Daily Office: Tuesday



¶ Regime Change: For the rest of the week, at least, I’ll be feeling my way with the Summer Hours version of the Daily Office entry. Two changes already in place: the entry will be posted at 10:30 every morning (instead of at 1:30 AM), and the first sub-entry of the day will not include a link.


¶ Orthodoxy or Death. How about an opera set on Mount Athos? Chorus of monks; fleet of St Ursula’s virgins, bound for sex slavery rather than martyrdom, foundering upon the rocky coast; rainbow bridge at the end leading to the newly-built Convent of Mount Pathos. Harry de Quetteville reports.


¶ Information Age: Robert Darnton, in The New York Review of Books, makes the plausible argument that the Internet has not really changed anything on the “information” front. There has always been too much of it, and it has never been as reliable as we’d like it to be.



§ Regime Change. The whole point of the Daily Office is to combine two fundamental elements of blogging that, over the course of this site’s first three years, fell into neglect: journal-keeping and Internet linking. I’m still not as good at this combination as I’d like to be, and one of the reasons for at least appearing to take the summer off is to give myself more time to explore the Internet, which I haven’t taken a fresh look at in a long time.

Anyway, here I am at last, on the first day of the new season. (Yesterday was a holiday.) A few things won’t change: I’ll be scrambling this afternoon and evening to write up this week’s Book Review as usual, and I’ll be going to the movies on Friday morning — you bet I will! The Morning Reads will continue, with a two-entries-per-week minimum. But Friday Fronts will be stripped back, in a yet-undetermined way, and writeups of plays and concerts will dry up almost entirely.

The past four months have boomed with growth at The Daily Blague — and pinched with attendant growing pains. It’s to ease the latter that I’m standing back a bit. I also want to focus on the mother ship, Portico , which is up for a design re-think. I learned a bunch of new skills this year, and I want to see if I can play with them a bit. I may not practice law anymore, but I still come to everything I do with a professional commitment to regularity that’s a fine thing most of the time but that needs to be switched off for a spell each year. In 2006 and 2007, I tried coasting through August with a series of links to pages at Portico.  The only thing I know is that I’m not going to do that again.


§ Orthodoxy or Death. My thoughts were distracted from the problems of the Moldovan ladies on terra prohibita by a sudden outage of The Daily Blague. While fuming and tearing my (lone remaining) hair out, I discovered that I can still update the old MovableType Daily Blague, which is reachable from Portico. Just something to remember — without writing anything down.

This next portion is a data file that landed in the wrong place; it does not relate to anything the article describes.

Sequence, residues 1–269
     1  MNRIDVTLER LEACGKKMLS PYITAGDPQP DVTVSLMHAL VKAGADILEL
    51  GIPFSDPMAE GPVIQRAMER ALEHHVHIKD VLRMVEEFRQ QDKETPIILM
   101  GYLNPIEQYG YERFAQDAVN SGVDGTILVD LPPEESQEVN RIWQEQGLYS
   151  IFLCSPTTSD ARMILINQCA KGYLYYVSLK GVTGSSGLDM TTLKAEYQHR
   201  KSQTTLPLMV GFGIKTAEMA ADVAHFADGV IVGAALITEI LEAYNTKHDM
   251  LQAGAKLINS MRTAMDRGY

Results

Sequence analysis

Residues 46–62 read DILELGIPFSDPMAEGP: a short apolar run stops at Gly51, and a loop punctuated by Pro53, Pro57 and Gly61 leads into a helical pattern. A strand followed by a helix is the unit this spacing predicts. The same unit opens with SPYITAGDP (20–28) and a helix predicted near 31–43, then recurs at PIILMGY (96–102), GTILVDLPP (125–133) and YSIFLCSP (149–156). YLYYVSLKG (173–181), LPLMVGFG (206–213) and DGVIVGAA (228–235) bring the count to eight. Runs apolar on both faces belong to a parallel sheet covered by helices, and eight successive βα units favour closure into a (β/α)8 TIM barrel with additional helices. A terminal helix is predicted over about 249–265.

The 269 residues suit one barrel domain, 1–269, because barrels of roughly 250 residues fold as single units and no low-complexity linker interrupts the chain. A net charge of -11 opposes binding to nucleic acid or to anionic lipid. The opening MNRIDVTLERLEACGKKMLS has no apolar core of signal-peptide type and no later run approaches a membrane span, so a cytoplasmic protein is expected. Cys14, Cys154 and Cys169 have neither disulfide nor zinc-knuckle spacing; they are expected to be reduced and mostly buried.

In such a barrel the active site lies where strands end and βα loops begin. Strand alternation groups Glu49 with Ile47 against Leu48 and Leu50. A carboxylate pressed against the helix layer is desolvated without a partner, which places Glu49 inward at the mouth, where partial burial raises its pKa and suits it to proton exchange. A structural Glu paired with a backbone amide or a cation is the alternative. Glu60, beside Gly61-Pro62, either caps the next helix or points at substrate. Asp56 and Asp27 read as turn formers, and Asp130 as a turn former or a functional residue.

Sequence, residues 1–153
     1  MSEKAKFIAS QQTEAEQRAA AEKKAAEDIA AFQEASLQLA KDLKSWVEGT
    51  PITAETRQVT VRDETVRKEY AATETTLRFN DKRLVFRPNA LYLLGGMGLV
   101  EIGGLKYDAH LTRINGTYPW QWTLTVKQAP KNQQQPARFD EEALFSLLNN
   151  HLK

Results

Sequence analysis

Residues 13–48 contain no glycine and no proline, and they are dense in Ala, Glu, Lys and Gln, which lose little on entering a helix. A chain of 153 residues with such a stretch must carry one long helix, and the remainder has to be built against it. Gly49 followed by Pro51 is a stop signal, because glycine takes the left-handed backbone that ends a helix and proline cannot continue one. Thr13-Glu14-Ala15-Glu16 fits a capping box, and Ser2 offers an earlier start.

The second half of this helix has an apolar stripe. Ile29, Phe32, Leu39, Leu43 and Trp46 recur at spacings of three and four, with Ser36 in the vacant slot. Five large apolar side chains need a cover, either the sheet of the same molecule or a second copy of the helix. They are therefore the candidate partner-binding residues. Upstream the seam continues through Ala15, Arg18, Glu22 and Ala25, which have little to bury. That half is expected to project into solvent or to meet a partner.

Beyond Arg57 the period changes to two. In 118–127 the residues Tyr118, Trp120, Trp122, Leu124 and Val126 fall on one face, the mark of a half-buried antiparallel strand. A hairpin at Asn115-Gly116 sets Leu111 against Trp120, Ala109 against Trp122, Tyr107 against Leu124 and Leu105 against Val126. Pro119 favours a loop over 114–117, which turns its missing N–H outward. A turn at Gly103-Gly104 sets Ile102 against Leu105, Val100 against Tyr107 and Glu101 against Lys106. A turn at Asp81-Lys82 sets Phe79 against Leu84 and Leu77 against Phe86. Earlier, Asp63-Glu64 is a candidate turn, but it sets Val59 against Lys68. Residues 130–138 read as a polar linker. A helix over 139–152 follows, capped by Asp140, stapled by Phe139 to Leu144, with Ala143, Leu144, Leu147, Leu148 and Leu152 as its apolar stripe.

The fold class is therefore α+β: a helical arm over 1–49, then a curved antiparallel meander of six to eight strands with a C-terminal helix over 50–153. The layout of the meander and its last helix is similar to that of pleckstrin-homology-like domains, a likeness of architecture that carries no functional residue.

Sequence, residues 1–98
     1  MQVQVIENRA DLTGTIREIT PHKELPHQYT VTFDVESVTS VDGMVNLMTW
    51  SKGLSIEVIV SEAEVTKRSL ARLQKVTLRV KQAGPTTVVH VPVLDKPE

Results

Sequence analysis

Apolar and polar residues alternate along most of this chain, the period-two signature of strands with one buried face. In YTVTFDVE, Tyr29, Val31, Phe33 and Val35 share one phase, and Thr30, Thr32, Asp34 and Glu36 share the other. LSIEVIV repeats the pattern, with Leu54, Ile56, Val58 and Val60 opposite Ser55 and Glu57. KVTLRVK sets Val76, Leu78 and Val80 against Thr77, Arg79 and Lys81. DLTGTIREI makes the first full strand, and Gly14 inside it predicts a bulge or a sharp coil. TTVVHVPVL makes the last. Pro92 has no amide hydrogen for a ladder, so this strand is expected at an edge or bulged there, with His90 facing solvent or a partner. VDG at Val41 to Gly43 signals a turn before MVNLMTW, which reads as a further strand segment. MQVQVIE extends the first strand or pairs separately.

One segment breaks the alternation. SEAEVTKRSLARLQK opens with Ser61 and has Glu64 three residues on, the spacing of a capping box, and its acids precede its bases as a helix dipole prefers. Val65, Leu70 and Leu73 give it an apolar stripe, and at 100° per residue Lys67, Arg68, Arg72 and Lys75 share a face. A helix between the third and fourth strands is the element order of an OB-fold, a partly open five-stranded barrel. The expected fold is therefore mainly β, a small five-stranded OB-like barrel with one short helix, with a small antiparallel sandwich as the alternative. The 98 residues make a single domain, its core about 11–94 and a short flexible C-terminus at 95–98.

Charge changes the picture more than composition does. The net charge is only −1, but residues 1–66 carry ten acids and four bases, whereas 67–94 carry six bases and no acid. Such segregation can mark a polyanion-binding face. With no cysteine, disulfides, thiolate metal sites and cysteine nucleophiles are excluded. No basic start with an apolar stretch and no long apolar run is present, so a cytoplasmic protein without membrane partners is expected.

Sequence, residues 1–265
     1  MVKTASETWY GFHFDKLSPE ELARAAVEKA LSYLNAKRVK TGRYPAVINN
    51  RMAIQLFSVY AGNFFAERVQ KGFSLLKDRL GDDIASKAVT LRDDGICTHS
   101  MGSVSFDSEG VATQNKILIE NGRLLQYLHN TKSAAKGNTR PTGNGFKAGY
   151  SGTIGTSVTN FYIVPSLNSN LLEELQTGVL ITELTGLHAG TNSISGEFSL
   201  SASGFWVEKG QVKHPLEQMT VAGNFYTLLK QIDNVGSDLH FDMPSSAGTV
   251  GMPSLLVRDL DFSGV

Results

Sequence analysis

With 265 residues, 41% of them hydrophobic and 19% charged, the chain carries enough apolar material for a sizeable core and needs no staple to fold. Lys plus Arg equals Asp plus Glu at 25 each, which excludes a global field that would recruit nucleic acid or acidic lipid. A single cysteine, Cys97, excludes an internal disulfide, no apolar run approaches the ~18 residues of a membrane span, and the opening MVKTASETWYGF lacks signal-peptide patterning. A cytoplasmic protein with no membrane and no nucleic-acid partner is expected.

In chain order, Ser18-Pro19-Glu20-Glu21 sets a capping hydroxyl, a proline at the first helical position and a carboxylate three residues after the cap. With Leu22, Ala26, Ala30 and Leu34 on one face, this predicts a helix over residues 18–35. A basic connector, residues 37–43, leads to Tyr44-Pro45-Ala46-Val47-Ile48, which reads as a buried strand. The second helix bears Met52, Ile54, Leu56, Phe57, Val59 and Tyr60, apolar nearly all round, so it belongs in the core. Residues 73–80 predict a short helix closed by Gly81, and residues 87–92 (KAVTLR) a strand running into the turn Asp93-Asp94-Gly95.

§ Information Age:

In fact, Voltaire toyed with his texts so much that booksellers complained. As soon as they sold one edition of a work, another would appear, featuring additions and corrections by the author. Their customers protested. Some even said that they would not buy an edition of Voltaire’s complete works — and there were many, each different from the others — until he died, an event eagerly anticipated by retailers throughout the book trade.

Consider that most sought-after nugget of information, the good recipe. Most people rather thoughtlessly judge a recipe by the imagined results, instead of on its merits as a set of instructions. When the production fails, the cook wails — But I followed the recipe! — without stopping to think that that might be the problem.

For dinner this evening, I threw together an old-reliable combination of shrimp and fresh corn, with a clove of garlic, a sprinkling of oregano, and a diced shallot in the sauté pan, over very moderate heat, and when the colors were just right, I dumped in a heap of cooked linguine. Nothing original there. What was original — all too original, I worried — was tossing the shrimp shells into the pasta water when it came to the boil. I use one of those “pasta pentola” pots that purists sneer at, and I wouldn’t do without it; the shells and the linquine never came into contact. But the pasta was delicately infused with a mildly shrimpiness.

As I say, all too original: if it was such a good idea, why had I never heard of anybody’s doing it? I may simply have read the wrong magazines, but the idea was all my own. I worried that it might be too intense, that ten minutes of boiling might turn the shrimp flavor in the way that ten minutes of boiling can ruin most vegetable flavors. But the result was very tasty.